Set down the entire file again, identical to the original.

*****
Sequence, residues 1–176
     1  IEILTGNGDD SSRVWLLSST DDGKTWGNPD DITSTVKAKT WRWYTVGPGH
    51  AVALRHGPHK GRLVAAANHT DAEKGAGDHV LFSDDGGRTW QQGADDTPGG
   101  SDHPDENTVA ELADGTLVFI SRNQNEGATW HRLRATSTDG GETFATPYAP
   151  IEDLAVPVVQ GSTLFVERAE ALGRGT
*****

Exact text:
Sequence, residues 1–176
     1  IEILTGNGDD SSRVWLLSST DDGKTWGNPD DITSTVKAKT WRWYTVGPGH
    51  AVALRHGPHK GRLVAAANHT DAEKGAGDHV LFSDDGGRTW QQGADDTPGG
   101  SDHPDENTVA ELADGTLVFI SRNQNEGATW HRLRATSTDG GETFATPYAP
   151  IEDLAVPVVQ GSTLFVERAE ALGRGT